. "6 Data-Collection, Surveillance, and Research Methodologies ." Assessing the Effects of the Gulf of Mexico Oil Spill on Human Health: A Summary of the June 2010 Workshop. Washington, DC: The National Academies Press, 2010.
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Assessing the Effects of the Gulf of Mexico Oil Spill on Human Health: A Summary of the June 2010 Workshop
REFLECTIONS ON SURVEILLANCE
John C. Bailar III, University of Chicago
John Bailar reflected on several surveillance-related issues. “Surveillance” is service to the individual—the one person who is standing or sitting in front of you at the time of a contact.” Surveillance includes medical examinations, laboratory tests, personal medical histories, discussions about existing problems, and developing knowledge related to the effects of oil spills, said Bailar. The assembly of all the information gathered from contacts draws a picture of what is happening across the community. Conversely, “research is the handmaiden of surveillance and directly supports surveillance activities” by supplementing and refining current understandings of potential adverse health effects and vulnerabilities, continued Bailar. For example, research can help detect new effects, improve knowledge about the frequency and seriousness of various health effects, and identify susceptible subpopulations such as pregnant women and elderly people.
Bailar opined that research should be a highly centralized effort so that the various data collected by separate groups can be brought together to “tell a convincing story.” For the Gulf oil disaster, he envisioned a single organization headed by a single person who has the responsibility and the authority to conduct the research operation. While he was hesitant to suggest who that organization might be, he mentioned CDC or perhaps a new organization created by the affected states’ health departments or a consortium of regional universities. Surveillance, by contrast, should be highly decentralized. Bailar opined that, while it may be difficult to combine these two different, highly centralized and highly decentralized systems, it will be necessary.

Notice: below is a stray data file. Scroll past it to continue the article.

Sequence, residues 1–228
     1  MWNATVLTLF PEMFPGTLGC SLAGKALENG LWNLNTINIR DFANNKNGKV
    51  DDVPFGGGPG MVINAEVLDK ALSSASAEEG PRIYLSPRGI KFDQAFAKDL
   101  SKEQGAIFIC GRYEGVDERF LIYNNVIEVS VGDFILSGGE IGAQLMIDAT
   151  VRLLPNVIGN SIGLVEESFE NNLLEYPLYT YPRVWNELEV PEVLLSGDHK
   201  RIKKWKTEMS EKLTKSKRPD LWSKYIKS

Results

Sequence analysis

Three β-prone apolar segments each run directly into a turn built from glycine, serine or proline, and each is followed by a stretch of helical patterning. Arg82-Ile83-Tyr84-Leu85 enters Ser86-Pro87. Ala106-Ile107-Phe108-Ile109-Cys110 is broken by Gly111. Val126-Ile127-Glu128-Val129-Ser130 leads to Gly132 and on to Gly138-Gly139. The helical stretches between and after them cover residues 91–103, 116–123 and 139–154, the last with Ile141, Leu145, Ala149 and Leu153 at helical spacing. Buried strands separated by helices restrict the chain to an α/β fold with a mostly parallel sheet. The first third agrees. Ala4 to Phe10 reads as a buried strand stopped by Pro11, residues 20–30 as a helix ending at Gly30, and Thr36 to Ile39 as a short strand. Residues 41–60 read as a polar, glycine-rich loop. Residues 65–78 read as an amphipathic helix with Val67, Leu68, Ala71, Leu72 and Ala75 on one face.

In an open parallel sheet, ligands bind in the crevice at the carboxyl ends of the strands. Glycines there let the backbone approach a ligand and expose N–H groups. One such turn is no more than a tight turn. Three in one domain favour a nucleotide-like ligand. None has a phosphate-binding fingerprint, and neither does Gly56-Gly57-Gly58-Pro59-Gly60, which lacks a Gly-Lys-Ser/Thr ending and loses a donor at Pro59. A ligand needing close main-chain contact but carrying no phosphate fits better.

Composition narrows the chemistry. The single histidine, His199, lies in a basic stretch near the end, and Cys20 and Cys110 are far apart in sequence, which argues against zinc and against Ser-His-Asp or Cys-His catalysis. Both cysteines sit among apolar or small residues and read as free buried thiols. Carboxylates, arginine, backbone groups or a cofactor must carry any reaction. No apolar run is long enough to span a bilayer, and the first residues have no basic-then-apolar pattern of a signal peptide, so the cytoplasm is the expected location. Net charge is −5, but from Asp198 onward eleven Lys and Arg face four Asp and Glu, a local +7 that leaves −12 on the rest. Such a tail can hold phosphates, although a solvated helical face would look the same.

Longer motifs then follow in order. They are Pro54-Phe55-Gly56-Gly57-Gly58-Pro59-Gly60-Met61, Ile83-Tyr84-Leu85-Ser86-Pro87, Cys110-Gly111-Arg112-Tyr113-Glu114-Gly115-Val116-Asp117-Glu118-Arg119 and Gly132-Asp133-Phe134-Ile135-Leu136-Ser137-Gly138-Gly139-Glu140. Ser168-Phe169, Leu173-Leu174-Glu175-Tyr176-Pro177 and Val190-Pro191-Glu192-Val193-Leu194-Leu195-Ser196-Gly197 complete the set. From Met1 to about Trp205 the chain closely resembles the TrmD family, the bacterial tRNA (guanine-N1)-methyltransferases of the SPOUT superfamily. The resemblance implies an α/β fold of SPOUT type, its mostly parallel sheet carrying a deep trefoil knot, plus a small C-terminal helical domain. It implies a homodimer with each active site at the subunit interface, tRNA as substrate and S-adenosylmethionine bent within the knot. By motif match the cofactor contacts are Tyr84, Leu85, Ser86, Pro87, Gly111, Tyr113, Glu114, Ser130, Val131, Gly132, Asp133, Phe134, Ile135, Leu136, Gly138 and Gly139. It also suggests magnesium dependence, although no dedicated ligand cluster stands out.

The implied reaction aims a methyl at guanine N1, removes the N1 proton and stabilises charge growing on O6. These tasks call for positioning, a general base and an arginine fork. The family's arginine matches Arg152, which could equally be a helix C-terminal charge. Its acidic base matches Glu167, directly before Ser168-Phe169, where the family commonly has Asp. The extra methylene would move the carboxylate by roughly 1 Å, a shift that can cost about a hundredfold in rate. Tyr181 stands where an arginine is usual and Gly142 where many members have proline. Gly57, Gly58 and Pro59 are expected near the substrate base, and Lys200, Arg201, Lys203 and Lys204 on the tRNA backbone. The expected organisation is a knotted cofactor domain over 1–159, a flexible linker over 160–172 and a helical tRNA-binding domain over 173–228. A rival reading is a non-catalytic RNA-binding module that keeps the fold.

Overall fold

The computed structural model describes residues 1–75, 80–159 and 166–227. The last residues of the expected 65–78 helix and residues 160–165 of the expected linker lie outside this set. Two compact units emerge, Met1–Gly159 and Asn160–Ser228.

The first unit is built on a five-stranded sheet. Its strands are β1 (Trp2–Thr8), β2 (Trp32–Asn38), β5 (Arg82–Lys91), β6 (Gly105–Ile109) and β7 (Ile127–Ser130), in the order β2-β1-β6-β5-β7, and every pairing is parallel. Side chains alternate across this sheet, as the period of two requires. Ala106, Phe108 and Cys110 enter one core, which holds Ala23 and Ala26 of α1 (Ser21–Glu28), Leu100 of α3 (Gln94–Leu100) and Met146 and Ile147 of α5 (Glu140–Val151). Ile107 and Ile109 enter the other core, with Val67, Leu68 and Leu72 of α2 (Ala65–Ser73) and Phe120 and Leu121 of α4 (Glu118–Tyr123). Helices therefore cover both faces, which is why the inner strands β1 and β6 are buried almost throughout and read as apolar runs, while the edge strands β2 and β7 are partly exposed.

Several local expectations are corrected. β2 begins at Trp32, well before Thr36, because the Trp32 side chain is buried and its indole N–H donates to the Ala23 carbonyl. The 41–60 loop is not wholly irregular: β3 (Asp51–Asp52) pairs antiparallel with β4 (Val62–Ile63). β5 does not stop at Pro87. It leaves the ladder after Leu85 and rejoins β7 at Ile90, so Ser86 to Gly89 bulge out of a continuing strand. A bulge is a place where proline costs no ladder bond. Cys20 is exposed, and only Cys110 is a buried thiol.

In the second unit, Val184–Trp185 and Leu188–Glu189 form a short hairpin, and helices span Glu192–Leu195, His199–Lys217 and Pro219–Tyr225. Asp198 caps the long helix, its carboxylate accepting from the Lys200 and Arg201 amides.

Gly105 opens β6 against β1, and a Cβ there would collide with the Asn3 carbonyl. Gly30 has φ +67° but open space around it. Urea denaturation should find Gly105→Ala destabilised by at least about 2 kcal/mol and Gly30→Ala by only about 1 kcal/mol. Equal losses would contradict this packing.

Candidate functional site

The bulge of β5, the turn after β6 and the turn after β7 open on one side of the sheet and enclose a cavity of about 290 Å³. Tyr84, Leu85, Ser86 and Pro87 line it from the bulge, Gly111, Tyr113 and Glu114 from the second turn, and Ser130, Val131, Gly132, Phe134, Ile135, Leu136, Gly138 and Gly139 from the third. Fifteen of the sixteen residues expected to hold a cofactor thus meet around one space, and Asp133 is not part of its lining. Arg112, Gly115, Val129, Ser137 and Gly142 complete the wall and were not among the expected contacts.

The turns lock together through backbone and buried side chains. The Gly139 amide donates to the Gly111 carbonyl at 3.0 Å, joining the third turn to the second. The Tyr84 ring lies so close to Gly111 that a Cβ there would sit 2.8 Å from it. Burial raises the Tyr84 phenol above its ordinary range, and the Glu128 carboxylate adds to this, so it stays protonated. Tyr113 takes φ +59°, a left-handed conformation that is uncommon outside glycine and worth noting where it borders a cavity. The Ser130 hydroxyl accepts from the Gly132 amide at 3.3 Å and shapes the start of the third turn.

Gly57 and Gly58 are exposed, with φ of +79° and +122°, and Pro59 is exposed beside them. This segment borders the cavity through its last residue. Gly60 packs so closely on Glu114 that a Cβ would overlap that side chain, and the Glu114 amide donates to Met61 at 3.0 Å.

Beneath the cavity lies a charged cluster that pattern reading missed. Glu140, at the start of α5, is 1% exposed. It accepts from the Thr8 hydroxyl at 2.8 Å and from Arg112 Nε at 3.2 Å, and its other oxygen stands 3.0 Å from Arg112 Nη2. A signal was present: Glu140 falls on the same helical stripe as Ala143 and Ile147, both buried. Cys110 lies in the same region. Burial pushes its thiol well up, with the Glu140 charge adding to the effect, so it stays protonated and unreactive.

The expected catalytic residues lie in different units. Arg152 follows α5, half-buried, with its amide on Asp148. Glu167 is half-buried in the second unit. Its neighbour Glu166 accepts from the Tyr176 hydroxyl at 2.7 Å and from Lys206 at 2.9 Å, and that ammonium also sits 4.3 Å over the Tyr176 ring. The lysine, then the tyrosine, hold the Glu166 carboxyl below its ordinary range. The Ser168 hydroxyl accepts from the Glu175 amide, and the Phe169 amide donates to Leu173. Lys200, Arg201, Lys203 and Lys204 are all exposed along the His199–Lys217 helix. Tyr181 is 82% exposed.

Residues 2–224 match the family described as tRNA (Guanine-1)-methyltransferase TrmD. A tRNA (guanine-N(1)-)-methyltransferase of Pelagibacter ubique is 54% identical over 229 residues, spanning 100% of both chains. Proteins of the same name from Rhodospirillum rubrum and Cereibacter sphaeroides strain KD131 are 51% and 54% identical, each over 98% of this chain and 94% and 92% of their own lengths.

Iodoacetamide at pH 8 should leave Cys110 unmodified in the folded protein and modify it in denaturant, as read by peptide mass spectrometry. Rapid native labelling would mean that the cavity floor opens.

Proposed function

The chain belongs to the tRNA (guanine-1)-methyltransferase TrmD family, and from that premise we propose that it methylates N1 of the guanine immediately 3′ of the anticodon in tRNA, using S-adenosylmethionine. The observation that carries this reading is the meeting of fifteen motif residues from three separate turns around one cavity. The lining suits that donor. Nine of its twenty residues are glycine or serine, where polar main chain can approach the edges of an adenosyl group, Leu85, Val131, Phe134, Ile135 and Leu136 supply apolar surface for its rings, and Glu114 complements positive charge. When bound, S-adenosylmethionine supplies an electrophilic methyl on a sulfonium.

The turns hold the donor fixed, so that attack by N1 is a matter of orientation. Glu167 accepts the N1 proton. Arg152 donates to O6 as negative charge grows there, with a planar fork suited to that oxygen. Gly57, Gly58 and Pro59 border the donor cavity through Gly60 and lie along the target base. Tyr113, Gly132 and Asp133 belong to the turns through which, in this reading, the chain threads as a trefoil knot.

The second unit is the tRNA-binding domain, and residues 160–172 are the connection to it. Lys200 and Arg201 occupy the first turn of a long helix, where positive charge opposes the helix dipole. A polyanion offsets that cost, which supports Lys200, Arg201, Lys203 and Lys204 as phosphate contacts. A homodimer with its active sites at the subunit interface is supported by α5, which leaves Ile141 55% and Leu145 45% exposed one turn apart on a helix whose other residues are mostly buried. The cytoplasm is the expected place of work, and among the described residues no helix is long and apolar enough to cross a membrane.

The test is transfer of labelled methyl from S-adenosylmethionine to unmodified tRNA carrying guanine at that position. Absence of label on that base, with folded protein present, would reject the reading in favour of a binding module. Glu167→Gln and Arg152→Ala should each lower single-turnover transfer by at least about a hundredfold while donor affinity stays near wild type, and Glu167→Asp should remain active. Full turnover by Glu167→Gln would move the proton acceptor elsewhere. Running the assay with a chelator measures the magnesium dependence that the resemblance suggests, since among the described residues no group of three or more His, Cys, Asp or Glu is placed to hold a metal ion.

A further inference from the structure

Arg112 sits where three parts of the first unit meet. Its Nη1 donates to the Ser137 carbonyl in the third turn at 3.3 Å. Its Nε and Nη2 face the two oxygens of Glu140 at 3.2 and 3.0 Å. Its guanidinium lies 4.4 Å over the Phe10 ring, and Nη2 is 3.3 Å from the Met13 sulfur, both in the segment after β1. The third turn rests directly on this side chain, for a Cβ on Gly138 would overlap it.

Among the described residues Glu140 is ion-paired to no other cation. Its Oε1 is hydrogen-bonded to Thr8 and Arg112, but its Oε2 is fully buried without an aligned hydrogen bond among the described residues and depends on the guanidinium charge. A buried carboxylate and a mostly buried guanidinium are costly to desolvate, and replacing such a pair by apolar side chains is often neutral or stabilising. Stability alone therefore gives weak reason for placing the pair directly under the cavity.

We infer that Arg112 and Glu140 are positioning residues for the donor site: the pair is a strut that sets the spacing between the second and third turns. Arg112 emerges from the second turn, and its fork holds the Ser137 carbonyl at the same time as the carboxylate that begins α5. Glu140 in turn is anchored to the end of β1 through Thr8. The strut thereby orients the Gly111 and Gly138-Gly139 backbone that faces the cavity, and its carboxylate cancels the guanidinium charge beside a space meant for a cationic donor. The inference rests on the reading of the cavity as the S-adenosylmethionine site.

Bailar addressed the types of surveillance that should be undertaken. He stated that there are several different types of surveillance, from passive surveillance (waiting to hear from affected persons or their providers) to active surveillance (periodic efforts to contact persons on a list). He strongly recommended that active surveillance be conducted whenever possible. Bailar also said that there will be a need for clear, specific operational rules about who to include in the surveillance program (e.g., clean-up workers, other responders and occupationally exposed persons, National Guard troops, local fishermen and -women, community residents, families of occupationally exposed individuals). There will be a need to include as controls exposed individuals, as well as those with limited or perhaps no exposure.